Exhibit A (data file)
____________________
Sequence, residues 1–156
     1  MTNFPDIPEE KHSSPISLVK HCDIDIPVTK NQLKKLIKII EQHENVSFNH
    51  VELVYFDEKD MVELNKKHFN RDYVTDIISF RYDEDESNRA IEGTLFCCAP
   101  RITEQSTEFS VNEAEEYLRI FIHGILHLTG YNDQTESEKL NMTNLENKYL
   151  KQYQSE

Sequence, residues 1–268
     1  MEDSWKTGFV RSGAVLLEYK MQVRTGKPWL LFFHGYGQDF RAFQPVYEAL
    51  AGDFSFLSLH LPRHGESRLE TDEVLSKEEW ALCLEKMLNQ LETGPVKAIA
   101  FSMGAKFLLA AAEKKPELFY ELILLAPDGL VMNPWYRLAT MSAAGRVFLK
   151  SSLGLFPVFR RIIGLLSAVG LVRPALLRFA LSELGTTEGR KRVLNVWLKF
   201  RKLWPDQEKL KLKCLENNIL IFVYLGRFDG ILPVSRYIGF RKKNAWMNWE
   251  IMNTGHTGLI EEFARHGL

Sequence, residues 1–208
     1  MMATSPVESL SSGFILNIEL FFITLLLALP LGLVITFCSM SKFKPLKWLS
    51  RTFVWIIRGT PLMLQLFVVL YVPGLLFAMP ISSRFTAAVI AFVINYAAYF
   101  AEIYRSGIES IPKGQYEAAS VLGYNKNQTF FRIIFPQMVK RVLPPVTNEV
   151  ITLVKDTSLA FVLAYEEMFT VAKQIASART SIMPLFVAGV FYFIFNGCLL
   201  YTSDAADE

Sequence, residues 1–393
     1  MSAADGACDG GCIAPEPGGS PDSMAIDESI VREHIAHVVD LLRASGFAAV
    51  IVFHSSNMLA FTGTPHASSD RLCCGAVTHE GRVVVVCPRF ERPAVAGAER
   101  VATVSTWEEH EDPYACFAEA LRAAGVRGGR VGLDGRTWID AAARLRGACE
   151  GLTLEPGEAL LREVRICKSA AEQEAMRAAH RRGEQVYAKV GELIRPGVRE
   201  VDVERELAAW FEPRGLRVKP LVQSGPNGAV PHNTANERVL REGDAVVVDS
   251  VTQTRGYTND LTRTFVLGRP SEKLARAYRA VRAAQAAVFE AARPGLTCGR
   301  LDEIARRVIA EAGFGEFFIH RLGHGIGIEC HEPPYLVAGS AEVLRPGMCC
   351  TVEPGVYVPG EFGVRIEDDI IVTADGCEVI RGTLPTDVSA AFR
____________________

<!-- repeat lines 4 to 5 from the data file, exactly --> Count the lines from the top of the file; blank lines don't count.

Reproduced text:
   101  RITEQSTEFS VNEAEEYLRI FIHGILHLTG YNDQTESEKL NMTNLENKYL
   151  KQYQSE